Proceedings of The Physiological Society

Europhysiology 2018 (London, UK) (2018) Proc Physiol Soc 41, C050

Oral Communications

Two-weeks of time-efficient high-intensity interval training (HIIT) does not appear sufficient to elicit cardiorespiratory fitness gains in older adults

P. J. Herrod1,2, A. L. Torkington1, J. E. Blackwell1,2, D. Battacharjee1,2, T. S. Sian1,2, J. P. Williams1,2, J. N. Lund1,2, B. E. Phillips1

1. MRC-ARUK Centre for Musculoskeletal Ageing Research, University of Nottingham, Derby, United Kingdom. 2. Division of Surgery and Anaesthetics, Royal Derby Hospital, Derby, United Kingdom.

BACKGROUND: Declines in cardiorespiratory fitness (CRF) and physical function with advancing age are both associated with increased morbidity and mortality per se (1), as well as in the peri-operative period (2). Given the increasing number of older adults presenting for surgery (3), and the time-constrains often imposed on the preoperative period, time-efficient high-intensity interval training (HIIT) may be a promising surgical ‘prehabilitation' tool (4). However, whether a HIIT protocol that has been shown to induce meaningful increases in CRF in older adults in 4-weeks, can elicit improvements in CRF and physical function in just 2-weeks; a common time-to-treatment window for a number of major intra-abdominal surgeries, is not yet known. METHODS: Seven (3 male: 4 female) independent community-dwelling volunteers aged 73 (70-78) years, with no co-morbidities that excluded them from exercise testing in accordance with the American Thoracic Society (ATS) Cardiopulmonary Exercise Test (CPET) Guidelines (5), undertook six sessions of time-efficient reduced-intensity HIIT over 2-weeks. Each session lasted 16.5 minutes, including five 1-minute efforts at 100-110% watt max. CPET was used before and after the HIIT intervention to assess CRF and exercise performance, with timed up-and-go (TUG) used to assess global physical function. RESULTS: Neither anaerobic threshold ((AT);12.11±1.83 vs. 12.73±2.84 ml/kg/min, p=0.62) or VO2peak (21.5±4.2 vs. 22.8±4.0 ml/kg/min, p=0.26) significantly increased following our HIIT intervention, despite over half of our volunteers achieving the previously reported threshold for a clinically meaningful improvement in AT (>1.5 ml/kg/min). There was no relationship between baseline CRF and magnitude of change for either AT(r2=0.2, p=0.32) or VO2peak (r2=0.15, p=0.40). Despite the lack of significant improvement in CRF parameters, exercise performance (856±130 vs. 973±132 seconds, p=0.03) and global physical function increased significantly after HIIT (TUG: 7.38±1.53 vs. 6.13±1.65 seconds, p=0.005). No adverse events were encountered during the HIIT, with volunteers reporting high levels of acceptability and enjoyment. CONCLUSION: Despite our well-tolerated, time-efficient HIIT programme being able to improve the CRF of older adults in a 4-week period, 2-weeks does not appear to be a long enough duration to elicit comparable gains. Despite these findings, 2-weeks of our HIIT programme can improve aspects of physical function in older adults, and as such has the potential to improve postoperative outcomes. In addition, further research in a larger cohort is required to determine the true utility of this intervention for improving CRF in older adults.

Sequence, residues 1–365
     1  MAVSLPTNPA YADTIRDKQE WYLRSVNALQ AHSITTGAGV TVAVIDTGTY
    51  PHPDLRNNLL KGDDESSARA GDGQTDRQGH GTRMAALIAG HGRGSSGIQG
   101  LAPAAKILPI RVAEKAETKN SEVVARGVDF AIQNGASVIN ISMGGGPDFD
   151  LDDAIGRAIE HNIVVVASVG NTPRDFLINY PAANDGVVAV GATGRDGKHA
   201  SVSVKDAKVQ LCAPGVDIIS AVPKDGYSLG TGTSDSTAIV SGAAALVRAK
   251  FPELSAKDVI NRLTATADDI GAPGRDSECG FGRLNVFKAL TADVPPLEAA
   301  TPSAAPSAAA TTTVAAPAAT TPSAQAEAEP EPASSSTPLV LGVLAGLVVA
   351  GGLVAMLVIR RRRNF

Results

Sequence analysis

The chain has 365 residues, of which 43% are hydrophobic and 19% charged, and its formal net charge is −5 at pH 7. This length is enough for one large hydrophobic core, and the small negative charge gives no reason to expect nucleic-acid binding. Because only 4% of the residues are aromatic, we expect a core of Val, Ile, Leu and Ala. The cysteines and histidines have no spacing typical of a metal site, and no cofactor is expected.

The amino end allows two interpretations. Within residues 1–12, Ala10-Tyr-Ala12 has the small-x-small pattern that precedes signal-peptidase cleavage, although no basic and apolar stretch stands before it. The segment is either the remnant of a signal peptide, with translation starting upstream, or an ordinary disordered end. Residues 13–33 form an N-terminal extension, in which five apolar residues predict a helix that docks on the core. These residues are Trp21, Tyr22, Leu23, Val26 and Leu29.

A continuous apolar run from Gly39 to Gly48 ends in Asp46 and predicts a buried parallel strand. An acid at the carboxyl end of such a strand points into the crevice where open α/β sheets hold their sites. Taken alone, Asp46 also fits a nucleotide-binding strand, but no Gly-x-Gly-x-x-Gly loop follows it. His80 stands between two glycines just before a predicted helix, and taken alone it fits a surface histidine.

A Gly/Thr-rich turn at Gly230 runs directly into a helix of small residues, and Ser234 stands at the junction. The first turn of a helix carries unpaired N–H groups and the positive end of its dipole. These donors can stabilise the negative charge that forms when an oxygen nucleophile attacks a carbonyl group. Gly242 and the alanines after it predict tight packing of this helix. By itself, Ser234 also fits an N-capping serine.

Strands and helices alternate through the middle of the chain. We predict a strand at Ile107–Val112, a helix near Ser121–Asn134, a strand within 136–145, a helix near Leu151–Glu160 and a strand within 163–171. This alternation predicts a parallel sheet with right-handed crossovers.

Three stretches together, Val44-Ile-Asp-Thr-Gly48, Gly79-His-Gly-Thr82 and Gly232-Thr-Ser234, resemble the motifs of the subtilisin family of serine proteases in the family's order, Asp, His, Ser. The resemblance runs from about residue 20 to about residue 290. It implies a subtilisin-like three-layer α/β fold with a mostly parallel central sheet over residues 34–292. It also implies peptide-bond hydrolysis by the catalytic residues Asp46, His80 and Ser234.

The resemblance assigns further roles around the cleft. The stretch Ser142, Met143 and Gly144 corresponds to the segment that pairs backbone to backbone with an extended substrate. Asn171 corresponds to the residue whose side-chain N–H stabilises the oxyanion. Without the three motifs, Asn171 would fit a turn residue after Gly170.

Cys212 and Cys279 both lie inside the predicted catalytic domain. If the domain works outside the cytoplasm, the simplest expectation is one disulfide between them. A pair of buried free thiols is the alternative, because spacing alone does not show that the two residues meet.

Where applicable, experiments conform with Society ethical requirements